Oh, lady, you just earned our 15 bucks. Rihanna will sell millions of copies of Loud, her fifth album, and she’ll deserve every penny of it — not because it’s a dependably excellent club-shaker, though it is, but because no woman should have to endure the kind of pick-up line Drake shoots her way on “What’s My Name,” the record’s second single. “I heard you good with those soft lips / Yeah you know word of mouth,” purrs the Canadian rapper (and Ri-Ri’s rumored fling). “The square root of 69 is 8 something, right / ‘Cuz I been trying to work it out.”
Woof. But while Casanova rolls over in his grave, Rihanna smirks and takes it in stride. Drake may open the track, but she reigns in their shared world — with a coquettish flip, she glides into a chorus that leaves no doubt: “Hey boy, really wanna see / If you can go downtown with a girl like me.” In the video, she struts happily around New York’s Lower East Side in a zebra-striped jacket, a nod to the actual animal she sat atop in the video for last year’s “Rude Boy” — with her bodysuit covered in Keith Haring-esque graffiti to match the floor and walls, like Haring himself was bodypainted to melt into his own squiggly backdrop in Annie Liebovitz’s 1986 portrait. “Rude Boy,” from last year’s defiantly terse but uneven Rated R, was released when the young pop star was still struggling to overcome her well-documented romantic difficulties with boyfriend Chris Brown, and seemed about to melt into the tabloid stories.
One year later, at just 22 years old, the remarkably sharp Barbadian-born pop star is now a woman with full, healthy claim to her sexuality, someone who’ll trill the sauciest lines while making damn sure her company is worth her while. None of the salacious hooks are a promise to any man, because they’re delivered for her own empowerment, and Loud offers a confident female ethos on par with the best of Beyonce or Shakira. Even in Rihanna’s darkest moments, she asserts that she deserves the best because she offers it in return.
Vocally and production-wise, lead single “Only Girl in the World” sets the album’s tone — Loud is nothing if not a literal title. Rihanna is at full-scale belt, and each track seems alchemized to induce the backing harmonies of hundreds of tipsy dancers. On the lasciviously bass-heavy opener “S&M,” the singer’s voice goes stratospheric over an electro pulse; “Man Down” forays into dancehall with poppy pep. “Cheers (Drink to That)” inexplicably samples Avril Lavigne’s “I’m With You” (just the “yeah-yeah” yawps) and the thin track, produced by Runners, can’t support Rihanna’s forceful verses. But “California King Bed” is a wrenching ballad about the waking death of a relationship, the stage of limbo before the final crash; it’s so well-delivered, in fact, that it’s hard to hear.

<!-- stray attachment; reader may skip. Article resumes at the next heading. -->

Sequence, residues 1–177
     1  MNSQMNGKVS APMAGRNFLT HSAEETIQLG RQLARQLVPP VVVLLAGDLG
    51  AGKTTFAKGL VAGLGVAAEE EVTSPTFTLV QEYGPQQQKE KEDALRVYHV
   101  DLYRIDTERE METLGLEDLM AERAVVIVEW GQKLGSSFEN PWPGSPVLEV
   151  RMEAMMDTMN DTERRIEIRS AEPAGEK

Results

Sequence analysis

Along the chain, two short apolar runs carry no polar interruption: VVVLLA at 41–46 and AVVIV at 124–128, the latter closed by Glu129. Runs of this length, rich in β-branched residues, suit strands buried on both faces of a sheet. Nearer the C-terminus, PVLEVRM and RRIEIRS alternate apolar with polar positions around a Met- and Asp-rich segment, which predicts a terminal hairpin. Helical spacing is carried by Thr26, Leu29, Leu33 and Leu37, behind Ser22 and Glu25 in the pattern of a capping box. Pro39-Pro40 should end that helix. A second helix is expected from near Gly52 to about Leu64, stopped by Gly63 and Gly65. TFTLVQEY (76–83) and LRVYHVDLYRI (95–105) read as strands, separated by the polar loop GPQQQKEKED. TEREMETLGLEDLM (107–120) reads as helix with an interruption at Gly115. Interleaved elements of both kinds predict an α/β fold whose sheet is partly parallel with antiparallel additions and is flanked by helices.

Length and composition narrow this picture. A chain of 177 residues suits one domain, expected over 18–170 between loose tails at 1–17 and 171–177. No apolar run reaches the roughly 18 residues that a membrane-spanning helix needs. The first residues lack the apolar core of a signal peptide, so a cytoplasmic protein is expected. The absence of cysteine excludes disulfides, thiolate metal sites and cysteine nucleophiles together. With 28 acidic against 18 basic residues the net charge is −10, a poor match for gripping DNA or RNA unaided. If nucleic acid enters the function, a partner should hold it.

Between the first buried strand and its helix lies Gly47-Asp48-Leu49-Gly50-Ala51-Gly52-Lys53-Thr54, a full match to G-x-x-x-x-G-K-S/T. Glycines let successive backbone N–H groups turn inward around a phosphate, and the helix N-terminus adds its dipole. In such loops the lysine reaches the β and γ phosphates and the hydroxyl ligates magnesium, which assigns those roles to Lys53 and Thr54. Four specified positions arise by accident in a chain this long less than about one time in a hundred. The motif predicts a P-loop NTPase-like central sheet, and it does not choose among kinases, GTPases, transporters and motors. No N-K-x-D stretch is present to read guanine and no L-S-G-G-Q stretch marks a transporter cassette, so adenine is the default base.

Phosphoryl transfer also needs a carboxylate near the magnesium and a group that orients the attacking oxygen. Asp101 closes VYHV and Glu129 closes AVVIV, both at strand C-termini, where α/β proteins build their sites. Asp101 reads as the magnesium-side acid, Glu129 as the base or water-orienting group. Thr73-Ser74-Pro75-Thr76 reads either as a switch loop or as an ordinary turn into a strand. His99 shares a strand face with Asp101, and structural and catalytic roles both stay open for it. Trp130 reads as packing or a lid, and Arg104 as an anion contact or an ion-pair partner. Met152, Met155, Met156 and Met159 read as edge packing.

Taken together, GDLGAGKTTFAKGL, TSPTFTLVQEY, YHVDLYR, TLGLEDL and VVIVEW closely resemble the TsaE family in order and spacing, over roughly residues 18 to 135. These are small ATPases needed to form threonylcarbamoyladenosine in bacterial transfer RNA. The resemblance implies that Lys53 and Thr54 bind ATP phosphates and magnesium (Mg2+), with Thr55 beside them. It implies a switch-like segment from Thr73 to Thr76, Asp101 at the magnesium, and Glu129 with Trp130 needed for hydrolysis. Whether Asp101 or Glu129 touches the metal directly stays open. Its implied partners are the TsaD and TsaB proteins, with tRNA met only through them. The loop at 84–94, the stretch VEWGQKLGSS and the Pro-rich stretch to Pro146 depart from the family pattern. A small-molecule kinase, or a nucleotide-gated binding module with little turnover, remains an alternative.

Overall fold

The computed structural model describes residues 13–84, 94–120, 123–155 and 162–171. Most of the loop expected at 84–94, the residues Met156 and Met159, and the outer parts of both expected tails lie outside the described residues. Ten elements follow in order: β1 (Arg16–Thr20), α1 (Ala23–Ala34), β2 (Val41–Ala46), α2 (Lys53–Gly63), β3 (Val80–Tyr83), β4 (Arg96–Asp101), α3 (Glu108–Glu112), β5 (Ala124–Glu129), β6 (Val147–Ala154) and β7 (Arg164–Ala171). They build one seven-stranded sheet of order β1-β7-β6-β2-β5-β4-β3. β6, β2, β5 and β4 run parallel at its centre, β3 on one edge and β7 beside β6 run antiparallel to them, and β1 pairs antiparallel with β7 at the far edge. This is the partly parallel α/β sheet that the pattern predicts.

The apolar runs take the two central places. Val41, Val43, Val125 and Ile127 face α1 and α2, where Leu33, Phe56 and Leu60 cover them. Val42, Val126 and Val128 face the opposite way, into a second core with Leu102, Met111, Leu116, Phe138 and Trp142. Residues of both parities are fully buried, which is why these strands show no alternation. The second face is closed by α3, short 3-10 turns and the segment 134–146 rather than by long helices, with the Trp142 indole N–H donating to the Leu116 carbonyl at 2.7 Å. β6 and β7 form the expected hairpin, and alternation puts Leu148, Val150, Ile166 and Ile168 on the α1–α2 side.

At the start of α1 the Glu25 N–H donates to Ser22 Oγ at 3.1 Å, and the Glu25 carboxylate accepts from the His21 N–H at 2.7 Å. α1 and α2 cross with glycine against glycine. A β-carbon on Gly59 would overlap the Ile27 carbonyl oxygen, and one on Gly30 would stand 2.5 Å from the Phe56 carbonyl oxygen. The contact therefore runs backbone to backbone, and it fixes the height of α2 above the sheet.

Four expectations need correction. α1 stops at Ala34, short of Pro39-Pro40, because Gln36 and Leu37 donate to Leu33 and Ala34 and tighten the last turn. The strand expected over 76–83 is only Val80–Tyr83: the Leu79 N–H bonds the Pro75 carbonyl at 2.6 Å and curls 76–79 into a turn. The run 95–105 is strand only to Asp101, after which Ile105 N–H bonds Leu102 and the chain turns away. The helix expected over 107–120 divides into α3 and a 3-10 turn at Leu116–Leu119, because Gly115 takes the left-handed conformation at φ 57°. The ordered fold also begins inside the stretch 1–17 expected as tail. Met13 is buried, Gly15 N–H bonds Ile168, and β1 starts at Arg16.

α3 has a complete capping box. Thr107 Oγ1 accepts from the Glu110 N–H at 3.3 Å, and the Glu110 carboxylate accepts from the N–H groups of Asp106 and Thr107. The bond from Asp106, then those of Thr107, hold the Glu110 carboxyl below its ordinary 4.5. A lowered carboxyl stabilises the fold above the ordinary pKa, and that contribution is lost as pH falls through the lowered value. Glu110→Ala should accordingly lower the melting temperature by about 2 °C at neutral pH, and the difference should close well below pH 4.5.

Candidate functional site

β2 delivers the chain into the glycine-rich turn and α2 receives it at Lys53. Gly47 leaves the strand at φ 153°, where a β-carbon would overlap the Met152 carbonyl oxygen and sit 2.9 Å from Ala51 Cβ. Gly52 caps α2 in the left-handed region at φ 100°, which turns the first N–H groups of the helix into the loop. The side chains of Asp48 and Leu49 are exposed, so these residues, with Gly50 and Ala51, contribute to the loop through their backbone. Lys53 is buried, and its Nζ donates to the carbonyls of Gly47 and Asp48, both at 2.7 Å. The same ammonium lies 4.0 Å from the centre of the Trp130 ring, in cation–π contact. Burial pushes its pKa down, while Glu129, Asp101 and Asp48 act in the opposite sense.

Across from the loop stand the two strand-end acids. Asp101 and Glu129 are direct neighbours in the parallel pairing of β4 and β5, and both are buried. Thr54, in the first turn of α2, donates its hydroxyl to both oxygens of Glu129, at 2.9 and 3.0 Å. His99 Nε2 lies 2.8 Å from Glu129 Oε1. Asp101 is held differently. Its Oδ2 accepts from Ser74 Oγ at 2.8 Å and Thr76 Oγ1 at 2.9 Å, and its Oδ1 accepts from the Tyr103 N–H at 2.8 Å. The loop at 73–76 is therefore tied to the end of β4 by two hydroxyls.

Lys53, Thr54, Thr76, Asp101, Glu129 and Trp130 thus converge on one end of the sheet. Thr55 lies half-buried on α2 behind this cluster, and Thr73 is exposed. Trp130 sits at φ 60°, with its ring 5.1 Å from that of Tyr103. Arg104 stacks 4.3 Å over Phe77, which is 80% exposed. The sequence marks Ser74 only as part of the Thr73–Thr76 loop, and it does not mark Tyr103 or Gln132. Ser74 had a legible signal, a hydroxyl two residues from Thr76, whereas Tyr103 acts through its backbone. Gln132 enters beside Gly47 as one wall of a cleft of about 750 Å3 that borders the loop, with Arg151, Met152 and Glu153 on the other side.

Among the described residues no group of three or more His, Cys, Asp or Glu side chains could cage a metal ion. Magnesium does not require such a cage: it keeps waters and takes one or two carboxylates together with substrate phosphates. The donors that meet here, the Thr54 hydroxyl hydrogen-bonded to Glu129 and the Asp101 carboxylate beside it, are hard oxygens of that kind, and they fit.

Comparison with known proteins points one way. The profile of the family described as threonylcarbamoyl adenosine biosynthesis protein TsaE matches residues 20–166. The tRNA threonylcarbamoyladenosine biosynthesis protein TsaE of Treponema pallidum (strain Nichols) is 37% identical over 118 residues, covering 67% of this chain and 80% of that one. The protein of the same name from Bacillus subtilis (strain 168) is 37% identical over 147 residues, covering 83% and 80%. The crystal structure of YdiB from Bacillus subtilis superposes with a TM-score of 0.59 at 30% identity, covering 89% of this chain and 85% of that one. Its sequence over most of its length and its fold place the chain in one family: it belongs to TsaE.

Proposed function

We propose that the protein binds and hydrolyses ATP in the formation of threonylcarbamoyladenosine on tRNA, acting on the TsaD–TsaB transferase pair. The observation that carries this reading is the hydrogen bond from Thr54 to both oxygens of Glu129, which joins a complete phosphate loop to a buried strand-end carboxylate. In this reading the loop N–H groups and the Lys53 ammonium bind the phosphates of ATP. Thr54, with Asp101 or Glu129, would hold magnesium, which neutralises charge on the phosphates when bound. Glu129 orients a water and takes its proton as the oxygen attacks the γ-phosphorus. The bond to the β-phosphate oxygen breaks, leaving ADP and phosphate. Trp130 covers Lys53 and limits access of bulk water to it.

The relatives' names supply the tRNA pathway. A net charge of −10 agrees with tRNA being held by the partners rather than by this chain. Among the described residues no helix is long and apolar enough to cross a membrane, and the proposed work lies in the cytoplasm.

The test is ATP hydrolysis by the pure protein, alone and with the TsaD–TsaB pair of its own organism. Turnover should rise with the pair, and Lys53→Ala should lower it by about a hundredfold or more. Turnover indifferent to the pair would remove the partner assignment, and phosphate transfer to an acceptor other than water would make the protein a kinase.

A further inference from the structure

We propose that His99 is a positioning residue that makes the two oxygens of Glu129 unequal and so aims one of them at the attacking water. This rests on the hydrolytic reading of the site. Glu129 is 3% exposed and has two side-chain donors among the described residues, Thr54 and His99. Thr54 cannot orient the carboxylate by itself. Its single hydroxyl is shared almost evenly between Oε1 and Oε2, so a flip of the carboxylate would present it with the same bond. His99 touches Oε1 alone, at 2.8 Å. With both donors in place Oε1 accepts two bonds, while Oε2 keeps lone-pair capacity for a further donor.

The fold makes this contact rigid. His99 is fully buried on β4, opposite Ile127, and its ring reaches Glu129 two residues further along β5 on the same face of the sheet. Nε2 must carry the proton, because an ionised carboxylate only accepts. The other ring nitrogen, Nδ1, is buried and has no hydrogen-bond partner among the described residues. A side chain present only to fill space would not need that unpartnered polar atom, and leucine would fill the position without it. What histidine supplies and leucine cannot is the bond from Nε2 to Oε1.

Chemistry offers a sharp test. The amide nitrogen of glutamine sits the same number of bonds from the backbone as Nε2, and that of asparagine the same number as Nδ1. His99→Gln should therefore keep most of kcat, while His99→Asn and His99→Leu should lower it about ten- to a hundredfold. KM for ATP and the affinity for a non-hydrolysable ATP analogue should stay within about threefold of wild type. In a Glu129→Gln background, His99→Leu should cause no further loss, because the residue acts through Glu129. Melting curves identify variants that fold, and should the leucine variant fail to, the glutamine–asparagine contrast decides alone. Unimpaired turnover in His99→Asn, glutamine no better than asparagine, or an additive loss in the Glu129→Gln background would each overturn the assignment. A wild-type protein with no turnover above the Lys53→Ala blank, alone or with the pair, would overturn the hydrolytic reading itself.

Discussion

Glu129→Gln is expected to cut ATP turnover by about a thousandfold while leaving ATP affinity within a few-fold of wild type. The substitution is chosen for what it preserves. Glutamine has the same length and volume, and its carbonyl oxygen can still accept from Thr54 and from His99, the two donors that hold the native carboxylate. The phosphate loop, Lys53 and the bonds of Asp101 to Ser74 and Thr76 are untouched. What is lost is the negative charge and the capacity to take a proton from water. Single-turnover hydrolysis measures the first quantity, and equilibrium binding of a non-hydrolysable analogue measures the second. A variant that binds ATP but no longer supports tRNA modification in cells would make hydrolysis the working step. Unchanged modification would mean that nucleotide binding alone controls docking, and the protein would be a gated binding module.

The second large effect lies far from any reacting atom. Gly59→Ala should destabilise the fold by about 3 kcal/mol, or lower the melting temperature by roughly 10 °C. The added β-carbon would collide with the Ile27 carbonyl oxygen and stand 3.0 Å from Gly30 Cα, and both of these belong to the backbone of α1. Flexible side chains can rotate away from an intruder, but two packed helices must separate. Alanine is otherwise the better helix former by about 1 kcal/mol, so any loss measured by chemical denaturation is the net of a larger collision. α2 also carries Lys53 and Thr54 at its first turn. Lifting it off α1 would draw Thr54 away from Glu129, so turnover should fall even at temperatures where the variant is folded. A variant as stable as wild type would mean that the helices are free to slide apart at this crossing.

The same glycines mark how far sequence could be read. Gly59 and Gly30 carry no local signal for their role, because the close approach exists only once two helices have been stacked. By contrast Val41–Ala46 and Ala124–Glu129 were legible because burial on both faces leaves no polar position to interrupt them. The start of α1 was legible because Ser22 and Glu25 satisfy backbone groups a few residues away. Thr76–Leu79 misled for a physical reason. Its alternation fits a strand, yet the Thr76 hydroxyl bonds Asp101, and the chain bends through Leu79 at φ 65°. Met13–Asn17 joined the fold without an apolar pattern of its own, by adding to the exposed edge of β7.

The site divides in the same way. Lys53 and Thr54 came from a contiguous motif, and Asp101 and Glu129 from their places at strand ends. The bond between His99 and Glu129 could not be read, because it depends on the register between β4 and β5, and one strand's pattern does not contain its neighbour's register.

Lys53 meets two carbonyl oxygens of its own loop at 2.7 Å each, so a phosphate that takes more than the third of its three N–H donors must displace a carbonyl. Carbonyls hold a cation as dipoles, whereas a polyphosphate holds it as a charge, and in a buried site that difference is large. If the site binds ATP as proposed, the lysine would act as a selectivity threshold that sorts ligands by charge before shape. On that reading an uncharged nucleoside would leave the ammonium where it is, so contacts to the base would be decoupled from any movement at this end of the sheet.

“Raining Men” is the album’s highlight, a gloriously eccentric collaboration with Nicki Minaj that entwines their minor-key hyperventilating, air sirens dissolving into mind-melting bass, and the scene-stealing Minaj’s breathless contortion of the simple word “really” into its own fully demented sideshow.
Loud is a hard-won battle, and for that, it almost makes sense that it doesn’t contain any tracks as effortlessly bright as Rihanna’s 2007 zeitgeist smash “Umbrella.” This is a more mature nod to the bubbly pop that established her fame. And it’s a statement from a woman who’s come into her own, and who won’t be going anywhere that isn’t worth her while. We could all do worse than to follow her lead.